| Wydawnictwo MAG|
| Historical fiction|
| Jacek Komuda, Maciej Juerewicz, Marcin Baryłka|
1997 (1st edition)
2005 (2nd edition)
Dzikie Pola (Wild Fields) is a Polish role-playing game, set in the historical setting of the 17th century Polish-Lithuanian Commonwealth. It had two editions: first in 1997 and second in 2005.
Dzikie Pola (role-playing game) Wikipedia
The first edition of the game was released in 1997. Its authors were Jacek Komuda, Maciej Jurewicz and Marcin Baryłka, and there were two expansions: W stepie szerokim (In the wide steppe) and Ogniem i mieczem (With fire and sword). The second edition of the game has been released in 2005, and its authors were Jacek Komuda, Michał Mochocki and Artur Machlowski.
The game is only available in Polish language and is one of the most popular role-playing games in Poland. The second edition rulebook contains long and extensive sections describing the historical setting of the 17th century Commonwealth, some of which are presented from the viewpoint of contemporary storytellers, others resemble a modern encyclopedic entries.
The game is set in the historical setting of the 17th century Polish-Lithuanian Commonwealth. Players characters are the Polish nobility (szlachta), and most of the adventures are set in the turbulent, south-eastern region of Zaporizhzhia (region known then in Poland as 'Dzikie Pola', today mostly in Ukraine). It's the twilight time of the Polish Golden Age, with looming destabilization of Golden Liberty and government sliding into anarchy due to magnates plots and mounting serfdom-related tensions, especially involving the Cossacks. Conflicts between numerous nobles, duels and increasing internal unrest are common themes, while magic is rare (and depends on how far the gamemaster wants to move away from historical reality).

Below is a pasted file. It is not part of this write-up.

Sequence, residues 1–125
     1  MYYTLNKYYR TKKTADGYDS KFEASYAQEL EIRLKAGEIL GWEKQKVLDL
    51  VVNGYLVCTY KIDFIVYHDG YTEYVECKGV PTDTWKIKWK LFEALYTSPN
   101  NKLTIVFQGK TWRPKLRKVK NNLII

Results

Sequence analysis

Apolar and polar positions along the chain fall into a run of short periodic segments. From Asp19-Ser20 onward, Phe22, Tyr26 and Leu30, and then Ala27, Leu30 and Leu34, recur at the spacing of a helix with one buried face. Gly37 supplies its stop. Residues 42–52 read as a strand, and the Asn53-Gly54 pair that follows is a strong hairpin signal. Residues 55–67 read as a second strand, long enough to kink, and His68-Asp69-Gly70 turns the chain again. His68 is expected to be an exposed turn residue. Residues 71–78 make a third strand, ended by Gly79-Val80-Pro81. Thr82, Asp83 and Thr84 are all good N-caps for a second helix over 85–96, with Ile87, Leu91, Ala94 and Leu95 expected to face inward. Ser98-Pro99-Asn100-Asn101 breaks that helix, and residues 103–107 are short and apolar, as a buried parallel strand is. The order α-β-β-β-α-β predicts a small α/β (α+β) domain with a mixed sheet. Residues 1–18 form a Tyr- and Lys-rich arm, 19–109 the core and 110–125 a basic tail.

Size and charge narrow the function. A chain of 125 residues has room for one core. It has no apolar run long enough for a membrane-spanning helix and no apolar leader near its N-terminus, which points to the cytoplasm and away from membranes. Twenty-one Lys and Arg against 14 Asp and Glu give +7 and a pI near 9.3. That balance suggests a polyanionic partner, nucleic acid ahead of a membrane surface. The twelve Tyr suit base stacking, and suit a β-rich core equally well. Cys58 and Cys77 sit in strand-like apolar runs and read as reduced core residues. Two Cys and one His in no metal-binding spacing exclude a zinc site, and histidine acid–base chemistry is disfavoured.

Dzikie Pola second edition has its own unique game mechanic, based on the d20 die.
There are no die rolls needed during the character creation. Player characters abilities and skills are simply bought for set amount points. Hit points are not dependent on advancement level (each character has the same number of wounds he can take before dying) and character advancement is fairly slow, making it a more realistic than heroic system. Player characters are usually those of Polish nobles, but foreigners are also permitted. Some of the abilities or (dis)advantages are unique to this historical setting, like playing with a character sentenced to banishment or infamy, a fake noble, a newly ennobled character or a character with an official title.
During the game, tests are made with a simple d20 die roll, modified by testing characters' attributes, skills and other situation modifiers. If the roll is higher than the difficulty level, the action is successful.
Most of the mechanic is dedicated to the combat system. Game has mechanics for both the mêlée combat and firearm combat, but it is the former — with szablas (a Polish type of a sabre) or rapiers (used mostly by foreigners) — that most rules are dedicated to. Players can use more than 30 different moves during combat, and thus at the time of combat, especially between experienced players, the games takes on an almost tactical flavour.